After removing the first panel I found that it was easier to pop up the window controls and unplug the harnesses before
attempting to remove the door panel.
With the harnesses unplugged the panel lifts right off the door. To my surprise there was a second plastic panel with all kinds of stuff screwed to it.
Not feeling that adventurous I decide to deaden as much of the door as possible without removing the inner panel. As you can see in the pic above there is an access door on the latch side of the door for accessing the window track. Removing the speaker allows access to the opposite side of the door. Looking inside you will find one measly little patch of sound deadening.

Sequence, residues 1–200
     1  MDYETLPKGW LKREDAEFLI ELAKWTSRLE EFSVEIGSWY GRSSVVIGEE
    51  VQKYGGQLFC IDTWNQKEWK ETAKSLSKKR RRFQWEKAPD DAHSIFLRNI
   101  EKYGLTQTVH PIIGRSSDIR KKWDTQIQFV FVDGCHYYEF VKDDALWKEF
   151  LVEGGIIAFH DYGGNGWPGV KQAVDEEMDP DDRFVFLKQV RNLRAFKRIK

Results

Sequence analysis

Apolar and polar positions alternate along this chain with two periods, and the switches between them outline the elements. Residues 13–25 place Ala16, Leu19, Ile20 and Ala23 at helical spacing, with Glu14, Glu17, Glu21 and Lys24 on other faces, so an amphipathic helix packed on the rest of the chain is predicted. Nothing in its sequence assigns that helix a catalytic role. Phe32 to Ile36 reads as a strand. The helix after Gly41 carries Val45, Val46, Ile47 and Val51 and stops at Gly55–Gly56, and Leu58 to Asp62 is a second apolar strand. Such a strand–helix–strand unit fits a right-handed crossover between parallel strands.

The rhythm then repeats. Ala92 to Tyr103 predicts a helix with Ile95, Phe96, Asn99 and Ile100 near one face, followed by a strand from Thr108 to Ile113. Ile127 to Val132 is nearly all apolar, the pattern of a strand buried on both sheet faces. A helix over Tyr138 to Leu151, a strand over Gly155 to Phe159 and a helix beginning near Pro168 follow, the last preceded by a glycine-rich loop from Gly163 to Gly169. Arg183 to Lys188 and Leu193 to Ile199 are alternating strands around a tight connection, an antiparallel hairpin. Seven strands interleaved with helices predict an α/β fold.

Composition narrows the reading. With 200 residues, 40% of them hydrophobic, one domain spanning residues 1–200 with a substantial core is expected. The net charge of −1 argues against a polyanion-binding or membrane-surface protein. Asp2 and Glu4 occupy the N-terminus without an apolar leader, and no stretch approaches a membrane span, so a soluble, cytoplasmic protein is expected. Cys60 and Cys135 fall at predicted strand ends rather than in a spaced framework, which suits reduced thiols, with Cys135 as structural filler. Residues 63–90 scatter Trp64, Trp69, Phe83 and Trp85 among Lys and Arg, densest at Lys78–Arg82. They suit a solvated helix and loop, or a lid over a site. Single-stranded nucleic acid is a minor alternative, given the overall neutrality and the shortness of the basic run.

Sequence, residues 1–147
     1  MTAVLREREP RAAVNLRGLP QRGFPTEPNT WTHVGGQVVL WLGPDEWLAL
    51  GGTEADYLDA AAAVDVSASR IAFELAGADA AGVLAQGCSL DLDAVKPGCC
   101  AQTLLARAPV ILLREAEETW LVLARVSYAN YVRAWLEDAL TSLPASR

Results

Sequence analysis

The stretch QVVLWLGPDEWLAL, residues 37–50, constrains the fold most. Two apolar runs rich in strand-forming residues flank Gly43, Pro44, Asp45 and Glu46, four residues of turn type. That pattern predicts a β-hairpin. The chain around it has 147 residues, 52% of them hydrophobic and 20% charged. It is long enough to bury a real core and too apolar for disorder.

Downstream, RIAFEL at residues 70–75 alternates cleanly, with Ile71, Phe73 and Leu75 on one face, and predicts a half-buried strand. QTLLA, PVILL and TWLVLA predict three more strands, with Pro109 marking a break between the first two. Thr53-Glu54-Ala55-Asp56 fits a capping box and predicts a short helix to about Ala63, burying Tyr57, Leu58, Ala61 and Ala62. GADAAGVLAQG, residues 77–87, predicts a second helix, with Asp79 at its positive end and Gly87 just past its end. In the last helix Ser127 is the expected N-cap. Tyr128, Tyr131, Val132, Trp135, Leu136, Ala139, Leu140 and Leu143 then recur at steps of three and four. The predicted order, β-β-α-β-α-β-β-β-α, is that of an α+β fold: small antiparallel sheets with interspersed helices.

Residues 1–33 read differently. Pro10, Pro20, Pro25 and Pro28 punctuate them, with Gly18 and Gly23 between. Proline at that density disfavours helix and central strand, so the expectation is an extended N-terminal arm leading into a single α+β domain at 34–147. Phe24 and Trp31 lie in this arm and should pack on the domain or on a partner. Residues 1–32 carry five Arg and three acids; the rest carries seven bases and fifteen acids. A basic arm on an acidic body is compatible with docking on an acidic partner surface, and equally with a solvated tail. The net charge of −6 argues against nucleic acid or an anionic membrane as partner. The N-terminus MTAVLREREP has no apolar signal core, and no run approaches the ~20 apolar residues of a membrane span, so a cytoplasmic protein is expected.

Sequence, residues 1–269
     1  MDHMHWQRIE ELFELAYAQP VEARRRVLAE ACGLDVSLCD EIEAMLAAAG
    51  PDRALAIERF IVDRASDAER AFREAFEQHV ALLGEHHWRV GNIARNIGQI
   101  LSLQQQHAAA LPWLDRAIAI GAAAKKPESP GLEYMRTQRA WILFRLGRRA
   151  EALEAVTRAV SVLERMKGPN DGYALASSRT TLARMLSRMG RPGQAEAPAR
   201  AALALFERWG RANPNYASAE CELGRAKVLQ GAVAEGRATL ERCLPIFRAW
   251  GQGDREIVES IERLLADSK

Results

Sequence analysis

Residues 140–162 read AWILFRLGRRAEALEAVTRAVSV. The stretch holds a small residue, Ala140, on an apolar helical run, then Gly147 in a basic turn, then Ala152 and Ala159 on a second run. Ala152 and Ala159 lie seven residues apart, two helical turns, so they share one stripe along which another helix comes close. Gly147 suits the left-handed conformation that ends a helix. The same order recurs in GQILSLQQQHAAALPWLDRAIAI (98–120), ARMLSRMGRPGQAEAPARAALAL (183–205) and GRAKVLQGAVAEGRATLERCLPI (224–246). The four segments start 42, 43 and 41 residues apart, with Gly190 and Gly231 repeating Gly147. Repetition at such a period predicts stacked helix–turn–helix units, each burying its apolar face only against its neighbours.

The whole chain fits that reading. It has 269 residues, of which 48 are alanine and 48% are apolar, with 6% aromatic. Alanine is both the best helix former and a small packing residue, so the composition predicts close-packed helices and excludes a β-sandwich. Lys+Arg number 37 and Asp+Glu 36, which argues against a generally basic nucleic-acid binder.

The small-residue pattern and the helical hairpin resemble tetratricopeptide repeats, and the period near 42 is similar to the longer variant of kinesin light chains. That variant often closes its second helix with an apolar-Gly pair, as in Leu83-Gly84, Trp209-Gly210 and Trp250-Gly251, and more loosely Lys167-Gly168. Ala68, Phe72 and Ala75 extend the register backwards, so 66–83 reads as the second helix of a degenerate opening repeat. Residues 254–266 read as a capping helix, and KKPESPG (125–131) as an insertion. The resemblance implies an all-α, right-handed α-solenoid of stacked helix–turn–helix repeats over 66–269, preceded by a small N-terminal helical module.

Access is tight but I was determined to make it work. I cut the deadening into strips and started applying to all the bare metal of the door, reaching in as far as I could.
I feel like I got it covered pretty well. I would have liked to put a coat or 2 of elastomeric roof coating like I did on the back wall but there is no way that is going to happen without removing the inner panel. I doubt I will ever do it unless I have to remove the panel. for some other reason.
I can't say that it made the 'premium alpine' speakers sound noticeably better but it did help quite the cab a little more. I thought I was imagining it but it is enough for the wife to notice and actually comment so it must have worked.
This is all for now. I still plan to do the firewall and the front floor pans at some point this summer. And possibly get some non-asphalt based deadener mat to cover the inner door panel if I get a wild hair.